We’ve all been inundated with negative news that for months has been hard-hitting and persistent. The pandemic, the economy, the social unrest, the turbulent equity and bond markets have all taken their toll on us in unique ways.
As I presented in last week’s column, wine preferences are evolving. A number of consumers are experimenting with higher priced wines. They are discovering that higher prices may equate to higher quality. Crossing this threshold may be life altering for some in their wine-centric cosmos.
This trend has evolved over the last decades as new wine consumers have come of age and entered the wine-buying marketplace.
And the wine industry has been responding. This progressive change has culminated in a realistic benefit to wine consumers.
The trend? Higher quality wines, of greater diversification and at lower prices – the QDP Index.
This value-to-price phenomenon has emerged over a number of years and is now hitting its full stride. Everywhere we shop for wine we see “new” grape varietals from previously unsung regions – all at higher quality levels than in the past. We are immersed in a global trend that embraces innovation but is firmly anchored in tradition, a trend that levers the tried and true with bold nuances. It is global yet highly localized.
Let’s explore the underpinnings and the ultimate consumer benefits of this trend.
In my opinion, the greatest impact on the QDP Index is sociological. There has been a generational shift in the focus of winemakers that is common to all winemaking regions. It has manifested itself in today’s generation of young men and women who have a newly-placed sensibility of the environment, a combination of global and local perspectives on winemaking and a perpetual eagerness to explore, experiment with and employ the latest trends in winemaking. These young winemakers bring to their craft the legacy of their forefathers coupled with the present-day awakenings of their peers around the globe.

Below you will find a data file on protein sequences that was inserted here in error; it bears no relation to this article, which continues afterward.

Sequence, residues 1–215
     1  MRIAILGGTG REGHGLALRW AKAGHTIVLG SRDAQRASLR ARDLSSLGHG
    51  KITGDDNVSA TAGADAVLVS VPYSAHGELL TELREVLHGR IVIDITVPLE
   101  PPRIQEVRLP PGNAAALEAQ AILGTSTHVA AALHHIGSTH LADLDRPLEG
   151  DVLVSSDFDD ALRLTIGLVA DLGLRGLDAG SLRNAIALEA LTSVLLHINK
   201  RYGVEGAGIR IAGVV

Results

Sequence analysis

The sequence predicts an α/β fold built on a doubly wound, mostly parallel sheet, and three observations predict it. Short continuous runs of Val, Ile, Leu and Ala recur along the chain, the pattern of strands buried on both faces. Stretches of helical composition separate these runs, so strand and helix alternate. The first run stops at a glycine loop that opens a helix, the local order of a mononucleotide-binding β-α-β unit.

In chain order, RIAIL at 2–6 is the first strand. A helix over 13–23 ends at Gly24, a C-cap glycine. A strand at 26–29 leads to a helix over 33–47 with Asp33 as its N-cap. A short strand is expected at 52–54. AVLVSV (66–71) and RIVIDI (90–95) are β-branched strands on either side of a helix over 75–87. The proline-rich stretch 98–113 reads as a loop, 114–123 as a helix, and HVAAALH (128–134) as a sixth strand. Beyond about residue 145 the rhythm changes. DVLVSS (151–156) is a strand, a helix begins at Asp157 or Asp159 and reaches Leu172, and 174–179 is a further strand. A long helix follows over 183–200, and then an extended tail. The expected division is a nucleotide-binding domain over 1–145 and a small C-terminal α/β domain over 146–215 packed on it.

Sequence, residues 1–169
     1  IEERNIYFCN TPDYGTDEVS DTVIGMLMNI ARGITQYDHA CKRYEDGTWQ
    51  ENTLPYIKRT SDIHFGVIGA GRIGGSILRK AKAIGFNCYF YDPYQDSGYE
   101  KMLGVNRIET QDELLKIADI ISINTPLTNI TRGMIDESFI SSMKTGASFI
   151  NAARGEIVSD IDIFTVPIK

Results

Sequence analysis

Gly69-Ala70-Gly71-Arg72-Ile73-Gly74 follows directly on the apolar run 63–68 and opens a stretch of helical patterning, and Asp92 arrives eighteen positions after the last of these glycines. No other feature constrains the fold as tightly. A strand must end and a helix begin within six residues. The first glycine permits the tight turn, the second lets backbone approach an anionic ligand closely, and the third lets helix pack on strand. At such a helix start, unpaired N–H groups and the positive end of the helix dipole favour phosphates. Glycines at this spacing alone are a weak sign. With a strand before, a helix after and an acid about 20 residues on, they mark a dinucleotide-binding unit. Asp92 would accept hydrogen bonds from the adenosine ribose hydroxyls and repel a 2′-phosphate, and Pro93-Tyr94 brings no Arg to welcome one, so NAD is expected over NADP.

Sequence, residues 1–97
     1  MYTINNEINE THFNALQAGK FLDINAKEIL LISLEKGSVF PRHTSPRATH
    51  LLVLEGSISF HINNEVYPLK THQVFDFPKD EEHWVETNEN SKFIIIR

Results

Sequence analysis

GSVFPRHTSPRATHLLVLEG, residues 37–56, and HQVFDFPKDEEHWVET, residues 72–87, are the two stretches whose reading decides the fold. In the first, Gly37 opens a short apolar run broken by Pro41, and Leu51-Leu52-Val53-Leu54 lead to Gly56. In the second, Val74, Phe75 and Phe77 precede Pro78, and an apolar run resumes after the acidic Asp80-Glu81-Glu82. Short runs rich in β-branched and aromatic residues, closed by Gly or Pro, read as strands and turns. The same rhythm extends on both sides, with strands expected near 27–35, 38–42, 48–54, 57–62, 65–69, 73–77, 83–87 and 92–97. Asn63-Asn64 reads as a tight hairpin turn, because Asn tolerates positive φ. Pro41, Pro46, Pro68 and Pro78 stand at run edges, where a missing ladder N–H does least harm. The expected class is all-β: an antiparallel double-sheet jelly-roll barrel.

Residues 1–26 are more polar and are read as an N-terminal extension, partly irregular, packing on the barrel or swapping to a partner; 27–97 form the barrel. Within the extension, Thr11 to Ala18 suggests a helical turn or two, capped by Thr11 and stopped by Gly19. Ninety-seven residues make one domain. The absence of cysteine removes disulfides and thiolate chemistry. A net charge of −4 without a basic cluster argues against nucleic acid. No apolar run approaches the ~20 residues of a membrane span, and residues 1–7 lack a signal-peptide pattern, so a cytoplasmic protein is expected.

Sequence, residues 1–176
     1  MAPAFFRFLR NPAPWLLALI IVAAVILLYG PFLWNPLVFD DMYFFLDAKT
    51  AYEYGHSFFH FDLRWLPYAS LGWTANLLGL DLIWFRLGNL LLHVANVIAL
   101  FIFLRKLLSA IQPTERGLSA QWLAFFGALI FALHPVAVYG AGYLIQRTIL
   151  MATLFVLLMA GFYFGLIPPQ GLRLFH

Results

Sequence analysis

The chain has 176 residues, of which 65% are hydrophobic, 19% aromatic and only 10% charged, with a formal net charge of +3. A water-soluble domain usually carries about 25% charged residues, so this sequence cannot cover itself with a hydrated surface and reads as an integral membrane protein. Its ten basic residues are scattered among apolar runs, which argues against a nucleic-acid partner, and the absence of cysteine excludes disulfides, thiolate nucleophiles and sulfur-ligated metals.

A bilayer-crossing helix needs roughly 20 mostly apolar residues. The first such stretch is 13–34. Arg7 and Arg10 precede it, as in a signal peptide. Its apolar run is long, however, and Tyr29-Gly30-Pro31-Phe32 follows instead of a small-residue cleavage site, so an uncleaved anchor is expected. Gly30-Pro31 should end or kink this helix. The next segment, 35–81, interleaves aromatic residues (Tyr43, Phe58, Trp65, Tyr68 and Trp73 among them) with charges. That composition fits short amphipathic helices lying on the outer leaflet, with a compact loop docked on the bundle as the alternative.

Here is one example: In Spain, winemaking has been a tradition for thousands of years. And for those millennia, the craft of winemaking has been passed down from generation to generation with little change. Local palates had become accustomed to these wines and Spanish producers were able to eke out a living. Then along came the European Union in 1993 and a revolution began to take place.
Spain began to wake from its agrarian slumber and embraced the collective benefit offered by its membership. This meant a new purchasing power, the availability (read profitability) of unencumbered cross-border trading and the sharing of knowledge with sister countries. The sons and daughters of winemakers who came of age in this new era were sent to France and Italy to be educated in the latest techniques and technology being employed. In one fell swoop, Spanish wines leapt into the 20th century.
Today, wine consumers are enjoying significantly higher quality wines (thanks to a greater appreciation of natural farming and painstaking attention to natural wine making techniques) produced from diversified grapes not previously exported, all at prices well below comparable offerings from other countries. The QDP Index is clearly evident in the Albarino and Monastrell wines that have been revitalized after centuries of old-world styling – and in an affordable $10-to-$15 price range.
Of course, these young winemakers needed a market in which to ply their wines. Herein lies the flip side of the QDP Index: the young generations of wine consumers.
In the United States, wine is becoming the preferred alcoholic beverage of both Generation X and the Millennials, in spite of press to the contrary. These new generations of consumers, always seeking new adventures, have found that wine offers a high-quality product that is broadly diversified at very affordable price points – and have brought young winemakers and their wine-consuming counterparts to new heights of mutual satisfaction.
The confluence of these factors will continue to expose consumers to new grapes, from revitalized wine regions, produced by maverick winemakers. Every wine-lover – of every generation – can enjoy the benefits of this positive trend.
Nick Antonaccio is a 40-year Pleasantville resident. For over 25 years, he has conducted wine tastings and lectures. Nick is the co-chairperson of the Wine Media Guild of wine journalists. He also offers personalized wine tastings and wine travel services. Nick’s credo: continuous experimenting results in instinctive behavior. You can reach him at email@example.com or on Twitter @sharingwine.